The Nation's Katha Pollitt apparently saw the need to pen a column objecting to all the people of liberal bent who praised the decision made by the New York Times to hire conservative Atlantic columnist Ross Douthat to replace Bill Kristol. She presents a long litany of examples of Douthat successfully failing to uphold basic doctrinaire liberal views. I have to imagine that Pollitt believes that this is going to come as some sort of a surprise, or something.
While not named in her piece, I too hailed the decision to hire Douthat for a number of reasons. I think he's a better writer thank Kristol, for one. I think he'll show a respect for the audience that Kristol did not by not phoning in his work. I think he's proven admirably resistant to the eliminationist strain of conservatism embodied by the Hannitys and Coulters of the world. He will face criticism from both his left and his right, which will be more exciting for an observer. I also thought it was good for the generation of smart writers who have plied their trade online to see one of their members rewarded with this "old media" perch, for whatever that perch is worth.
None of that, I believe, constituted me kidding myself about Douthat's politics. The choice just seemed to me, for many reasons, to be a more appealing arrangement.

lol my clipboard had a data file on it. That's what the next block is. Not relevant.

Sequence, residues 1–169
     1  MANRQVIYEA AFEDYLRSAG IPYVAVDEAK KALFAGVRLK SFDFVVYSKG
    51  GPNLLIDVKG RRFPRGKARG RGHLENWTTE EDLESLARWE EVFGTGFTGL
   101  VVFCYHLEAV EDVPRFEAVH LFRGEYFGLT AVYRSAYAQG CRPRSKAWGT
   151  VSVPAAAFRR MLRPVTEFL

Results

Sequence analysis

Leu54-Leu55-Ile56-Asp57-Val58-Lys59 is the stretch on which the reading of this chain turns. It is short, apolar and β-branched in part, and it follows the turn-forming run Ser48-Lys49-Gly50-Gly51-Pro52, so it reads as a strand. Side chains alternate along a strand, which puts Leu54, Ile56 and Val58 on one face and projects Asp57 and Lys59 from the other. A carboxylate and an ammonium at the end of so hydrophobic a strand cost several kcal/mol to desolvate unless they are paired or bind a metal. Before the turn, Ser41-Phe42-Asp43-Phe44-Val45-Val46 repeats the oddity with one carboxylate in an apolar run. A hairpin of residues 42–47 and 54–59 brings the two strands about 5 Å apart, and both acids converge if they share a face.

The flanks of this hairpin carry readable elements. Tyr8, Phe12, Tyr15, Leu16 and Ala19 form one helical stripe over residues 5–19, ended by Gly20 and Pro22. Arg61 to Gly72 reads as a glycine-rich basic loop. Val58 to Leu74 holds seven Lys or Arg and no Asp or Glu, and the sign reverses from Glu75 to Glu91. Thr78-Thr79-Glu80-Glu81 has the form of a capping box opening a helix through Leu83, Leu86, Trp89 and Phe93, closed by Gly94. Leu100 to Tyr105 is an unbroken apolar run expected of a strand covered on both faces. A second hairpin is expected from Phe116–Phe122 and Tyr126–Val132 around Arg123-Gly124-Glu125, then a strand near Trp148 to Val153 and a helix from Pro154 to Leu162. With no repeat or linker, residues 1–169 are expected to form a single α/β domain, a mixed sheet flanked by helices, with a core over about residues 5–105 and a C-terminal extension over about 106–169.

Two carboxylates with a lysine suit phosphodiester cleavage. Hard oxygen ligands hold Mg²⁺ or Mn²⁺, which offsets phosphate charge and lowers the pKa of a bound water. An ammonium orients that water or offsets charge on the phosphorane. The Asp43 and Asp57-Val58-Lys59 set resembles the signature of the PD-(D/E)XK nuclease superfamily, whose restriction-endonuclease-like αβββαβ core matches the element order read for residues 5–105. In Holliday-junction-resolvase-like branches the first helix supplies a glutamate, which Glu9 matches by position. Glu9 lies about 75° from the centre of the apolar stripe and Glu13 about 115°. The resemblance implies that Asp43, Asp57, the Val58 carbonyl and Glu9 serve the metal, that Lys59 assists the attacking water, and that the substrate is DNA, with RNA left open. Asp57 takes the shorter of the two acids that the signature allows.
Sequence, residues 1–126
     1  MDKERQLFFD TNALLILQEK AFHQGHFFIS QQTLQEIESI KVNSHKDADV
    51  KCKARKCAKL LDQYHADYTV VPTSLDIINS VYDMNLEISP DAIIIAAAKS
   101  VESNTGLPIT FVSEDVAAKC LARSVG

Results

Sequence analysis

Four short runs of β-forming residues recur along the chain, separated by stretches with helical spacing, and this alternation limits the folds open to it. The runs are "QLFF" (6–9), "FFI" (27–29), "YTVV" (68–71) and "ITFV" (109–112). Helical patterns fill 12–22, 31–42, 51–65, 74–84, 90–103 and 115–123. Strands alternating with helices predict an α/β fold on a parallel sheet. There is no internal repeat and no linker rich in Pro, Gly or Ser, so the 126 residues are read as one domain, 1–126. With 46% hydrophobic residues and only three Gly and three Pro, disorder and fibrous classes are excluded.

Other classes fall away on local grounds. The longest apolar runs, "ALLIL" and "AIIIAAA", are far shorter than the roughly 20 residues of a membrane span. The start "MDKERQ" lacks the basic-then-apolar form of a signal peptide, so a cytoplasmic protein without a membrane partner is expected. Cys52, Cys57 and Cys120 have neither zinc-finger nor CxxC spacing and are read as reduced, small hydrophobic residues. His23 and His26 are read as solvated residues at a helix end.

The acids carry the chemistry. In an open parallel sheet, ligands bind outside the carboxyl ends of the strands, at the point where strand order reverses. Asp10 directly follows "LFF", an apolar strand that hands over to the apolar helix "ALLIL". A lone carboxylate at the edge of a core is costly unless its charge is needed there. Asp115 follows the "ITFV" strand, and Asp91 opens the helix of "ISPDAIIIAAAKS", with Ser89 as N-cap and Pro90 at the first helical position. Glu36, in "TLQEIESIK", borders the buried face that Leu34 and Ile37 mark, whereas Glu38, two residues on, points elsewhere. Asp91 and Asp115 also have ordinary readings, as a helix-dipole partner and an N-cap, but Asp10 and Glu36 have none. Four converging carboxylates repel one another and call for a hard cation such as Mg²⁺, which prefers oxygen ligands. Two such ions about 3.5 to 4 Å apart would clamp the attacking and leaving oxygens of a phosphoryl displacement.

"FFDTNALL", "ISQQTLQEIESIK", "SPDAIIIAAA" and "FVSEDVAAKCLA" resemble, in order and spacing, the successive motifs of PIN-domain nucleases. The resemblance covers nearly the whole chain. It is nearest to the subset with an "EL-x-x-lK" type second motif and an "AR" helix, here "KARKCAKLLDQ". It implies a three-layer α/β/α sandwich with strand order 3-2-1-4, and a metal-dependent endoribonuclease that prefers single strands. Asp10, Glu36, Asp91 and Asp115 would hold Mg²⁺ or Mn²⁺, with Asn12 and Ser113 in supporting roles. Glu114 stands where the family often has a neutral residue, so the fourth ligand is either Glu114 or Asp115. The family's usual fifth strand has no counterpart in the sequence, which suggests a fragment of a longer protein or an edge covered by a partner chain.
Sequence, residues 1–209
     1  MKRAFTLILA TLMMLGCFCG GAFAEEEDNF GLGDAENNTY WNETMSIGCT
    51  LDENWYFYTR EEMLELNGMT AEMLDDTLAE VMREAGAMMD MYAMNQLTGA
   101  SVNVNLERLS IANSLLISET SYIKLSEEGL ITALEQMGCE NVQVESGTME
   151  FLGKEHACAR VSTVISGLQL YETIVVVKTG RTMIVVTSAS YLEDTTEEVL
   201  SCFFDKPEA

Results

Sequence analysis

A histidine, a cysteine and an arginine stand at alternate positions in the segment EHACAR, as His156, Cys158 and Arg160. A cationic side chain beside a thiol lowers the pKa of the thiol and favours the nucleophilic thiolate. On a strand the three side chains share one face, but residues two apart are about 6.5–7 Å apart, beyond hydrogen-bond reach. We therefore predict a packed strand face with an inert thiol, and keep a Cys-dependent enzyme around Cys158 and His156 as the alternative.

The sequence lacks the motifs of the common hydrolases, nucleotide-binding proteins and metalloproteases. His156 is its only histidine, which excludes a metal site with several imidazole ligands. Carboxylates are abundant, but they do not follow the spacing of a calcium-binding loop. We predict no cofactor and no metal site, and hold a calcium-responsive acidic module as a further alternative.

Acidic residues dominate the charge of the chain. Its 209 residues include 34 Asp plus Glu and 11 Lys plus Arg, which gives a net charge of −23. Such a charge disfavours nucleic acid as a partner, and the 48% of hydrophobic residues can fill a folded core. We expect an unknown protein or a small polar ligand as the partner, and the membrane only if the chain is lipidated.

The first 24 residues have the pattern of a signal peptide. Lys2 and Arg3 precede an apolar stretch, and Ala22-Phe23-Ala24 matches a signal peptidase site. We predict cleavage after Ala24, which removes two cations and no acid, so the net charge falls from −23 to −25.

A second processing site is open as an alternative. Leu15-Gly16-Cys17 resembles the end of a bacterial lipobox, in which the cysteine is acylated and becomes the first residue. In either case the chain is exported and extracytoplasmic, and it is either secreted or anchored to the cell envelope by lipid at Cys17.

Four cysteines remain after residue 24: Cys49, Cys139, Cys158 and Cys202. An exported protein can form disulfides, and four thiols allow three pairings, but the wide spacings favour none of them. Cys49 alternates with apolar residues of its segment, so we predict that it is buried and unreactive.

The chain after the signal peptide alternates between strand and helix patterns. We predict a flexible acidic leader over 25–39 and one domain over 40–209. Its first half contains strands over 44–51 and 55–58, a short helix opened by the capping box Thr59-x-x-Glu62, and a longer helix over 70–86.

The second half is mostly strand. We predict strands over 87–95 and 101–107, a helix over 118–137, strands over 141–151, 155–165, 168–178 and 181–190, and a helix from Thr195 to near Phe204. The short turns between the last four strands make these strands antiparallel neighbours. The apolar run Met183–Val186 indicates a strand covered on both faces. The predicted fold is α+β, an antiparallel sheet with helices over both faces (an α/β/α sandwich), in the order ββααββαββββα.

What would Pollitt have done? Here's what she says:
So who would I like to see in the Kristol slot? Actually, Kristol. I was livid when they gave him the job, but he was perfect: a dull, complacent apparatchik who set forth the Bush line in all its fact-free glory. His columns were like press releases--you could hardly remember them two minutes after reading them. But his presence on the page reminded readers that David Brooks is not really what Republicanism is all about.
It seems to me that Kristol's terrible op-eds were a high price to pay just to assert that David Brooks was not the same as Bill Kristol! But more to the point, I have to wonder if the reason she preferred Kristol was simply that it was much easier to respond to the arguments of a "dull, complacent apparatchik" like him. Because trust me, it was! But it was rarely something of an accomplishment. If countering Douthat will require more skill and deftness -- and compared to Kristol, it will -- one of the net benefits is that it will raise the level of his opponents' game as well. The exchange will be more vital, and more substantive.
In short, I think that Douthat will simply be more challenging than Kristol, but in life, you are supposed to seek out challenges and do your best to surmount them. I think that's how you save yourself from becoming a "dull, complacent apparatchik."